In 1862 he returned to Brașov and revived his father’s studio. It is here that he completed his series of portraits from Brasov.

Conservation state before restoration:

The painting was handed to the restoration department of the Bucharet Municipality Museum with serious conservation problems that were deforming the image as it was supposed to be perceived by the viewer and also maintained a strong stress on the physical structure of the painting.

The work was painted in oils on industry-made canvas. The signature and dating are in the bottom-left corner written with black oil – „M Popp 1857.”

The canvas, primed with a semi-absorbant slightly thick gesso, has a wide texture with a rather thick structure. On the back of the canvas the white gesso can be seen protruding through the fabric.

The canvas’s wide texture, the moderately-oily priming and a painting technique applied almost scholastically, with a solid knowledge of the beginning and ending of the of the painting process, contributed to the preservation of the painting in its deep layers despite the trauma and mechanical stress it was subjected to throughout time.

The small aging cracks, mostly crowded on white based colors, are distributed especially in the area that did not touch the chassis’ crosspieces. The cracks in the painting were caused by the imprinting of the inside edges of the chassis and from the folding of the canvas towards its corners, when the chassis was set in place.

With regards to the colors’ ingredients used by the painter, according to the report issued after ED-XRF spectrometric analysis, the pigments are lead white, Prussian blue mixed with lead white in lighter areas, earth red and Naples yellow for skin tones, verdigris, Prussian blue and Naples yellow for green, cinnabar mixed with ivory black and iron oxide for blacks and browns.

There have been some previous attempts to repair the cracks and tears in the canvas but they affected it through burns of the paint layer and the deformation of the canvas support. The interventions consisted in applying strips of waxed fabric on the back of the painting in order to fix the cracks, but this strips imprinted on the canvas and were visible on the surface, in time also caused the canvas to shrink unequally around the strips. The canvas presented distortions on the inside edge of the chassis as well, due to poor stretching on the chassis, mainly caused by strong oxidation of the canvas around the nails, and slipping or detaching in some parts.

On the areas with tears that covered most of the original paint, a thick and hard putty was applied that cracked in time and was covered in turn with successive layers of repaint that obstructed the original even more. The overpainting covered a lot of the architectural element and almost all of the artist’s signature.

The putty and repaints happened quite late after the painting was done, the color being adapted to the already changed shade of the varnish and covered with sticking dirt. After these interventions the work was varnished.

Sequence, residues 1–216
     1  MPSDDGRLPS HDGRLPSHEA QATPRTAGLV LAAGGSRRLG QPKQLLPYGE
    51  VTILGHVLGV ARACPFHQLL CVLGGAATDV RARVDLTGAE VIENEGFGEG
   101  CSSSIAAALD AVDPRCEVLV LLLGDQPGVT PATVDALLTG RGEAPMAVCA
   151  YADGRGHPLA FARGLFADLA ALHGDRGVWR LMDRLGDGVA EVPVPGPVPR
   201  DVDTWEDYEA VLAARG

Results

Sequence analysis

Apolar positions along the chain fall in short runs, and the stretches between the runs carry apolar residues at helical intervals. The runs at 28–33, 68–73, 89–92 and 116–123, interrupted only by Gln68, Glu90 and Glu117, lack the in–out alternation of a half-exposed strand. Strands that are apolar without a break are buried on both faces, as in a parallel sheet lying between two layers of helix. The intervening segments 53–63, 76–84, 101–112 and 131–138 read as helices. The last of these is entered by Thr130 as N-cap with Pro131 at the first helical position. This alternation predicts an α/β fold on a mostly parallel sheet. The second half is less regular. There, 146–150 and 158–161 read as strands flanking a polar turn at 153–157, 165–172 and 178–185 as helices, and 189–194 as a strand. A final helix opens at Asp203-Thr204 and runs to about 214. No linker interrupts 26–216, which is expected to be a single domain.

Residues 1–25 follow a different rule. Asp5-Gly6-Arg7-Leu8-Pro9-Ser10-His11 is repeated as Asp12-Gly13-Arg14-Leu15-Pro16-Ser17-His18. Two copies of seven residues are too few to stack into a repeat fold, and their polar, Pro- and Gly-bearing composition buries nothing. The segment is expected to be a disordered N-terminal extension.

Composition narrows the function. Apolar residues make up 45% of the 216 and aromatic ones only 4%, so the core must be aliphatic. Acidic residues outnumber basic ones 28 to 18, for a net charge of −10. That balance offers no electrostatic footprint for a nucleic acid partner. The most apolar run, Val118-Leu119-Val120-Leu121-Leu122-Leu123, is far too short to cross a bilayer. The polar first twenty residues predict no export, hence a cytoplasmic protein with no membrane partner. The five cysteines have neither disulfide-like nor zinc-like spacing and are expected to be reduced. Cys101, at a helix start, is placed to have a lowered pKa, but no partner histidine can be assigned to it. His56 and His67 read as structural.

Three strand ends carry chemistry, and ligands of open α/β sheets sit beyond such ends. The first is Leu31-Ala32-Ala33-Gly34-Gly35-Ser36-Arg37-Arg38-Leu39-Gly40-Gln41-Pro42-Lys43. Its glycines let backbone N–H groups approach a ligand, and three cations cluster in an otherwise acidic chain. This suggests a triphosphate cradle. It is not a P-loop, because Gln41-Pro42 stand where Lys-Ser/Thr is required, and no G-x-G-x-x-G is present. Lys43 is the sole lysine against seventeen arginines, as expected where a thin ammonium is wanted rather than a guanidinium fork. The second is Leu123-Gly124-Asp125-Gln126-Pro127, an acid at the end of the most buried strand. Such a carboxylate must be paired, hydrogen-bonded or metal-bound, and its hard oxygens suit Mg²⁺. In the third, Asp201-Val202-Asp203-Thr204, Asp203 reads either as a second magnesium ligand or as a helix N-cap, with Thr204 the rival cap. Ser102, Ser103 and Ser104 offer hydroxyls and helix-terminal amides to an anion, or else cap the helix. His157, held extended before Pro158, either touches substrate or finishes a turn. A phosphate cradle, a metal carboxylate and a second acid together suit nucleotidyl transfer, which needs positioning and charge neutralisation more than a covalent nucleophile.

New scratches and blows affected the paint layer after the above mentioned repairs were done, and they led to damage of pigment and in some parts to total loss of the paint layer. The holes in the paint were repainted by going far over the edges as well.

UV light analysis revealed that the painting presented thick and consistent layers of highly degraded oily-resinous varnish, oxidized, turned yellow and covered with dust and light dirt, with massive over-paintings of a different shade.

The oxidized canvas support, mounted on an unstable, frail and faulty chassis with no dip, was weakened especially around its short edges with tears and lacks in some places. There were nine strips of waxed fabric present and a few inscriptions in 1492 oil color appeared in the bottom-right corner, and in the upper-left corner, in flaumaster 1492 and T 10/2.


The dust, light dirt and old varnished were cleaned. The over-paintings were removed as well by alternating the cleaning and neutralization of the treated areas. The different color putty was afterward removed mechanically. The cleaning process was finished by removing traces of over-paintings and varnishes left after the putty was cleared away. The work was varnished with a light dammar varnish.

The strips on the back and the traces of glue were removed from the original canvas. The support was straightened in the areas where it showed deformations caused by humidifying/dehumidifying and pressure. The faulty chassis was removed together with built-up dirt in the space between the canvas and the chassis. The canvas was prepared and margins were applied. The tears were seamed and a treated and stabilized fabric of similar structure was inserted where support-canvas was missing. For endurance, an elastic network was applied by lamination on the spots where tears were seamed.

The painting was stretched onto a newly made chassis, with dip, crosses and wedges. The gaps were filled, colors were integrated chromatically and the final varnish was applied. The painting was mounted onto a newly-made frame and protected on its back with neuter cardboard for an efficient conservation.

Simona Predescu, Painting Restauration expert, Restauration-Conservation Department.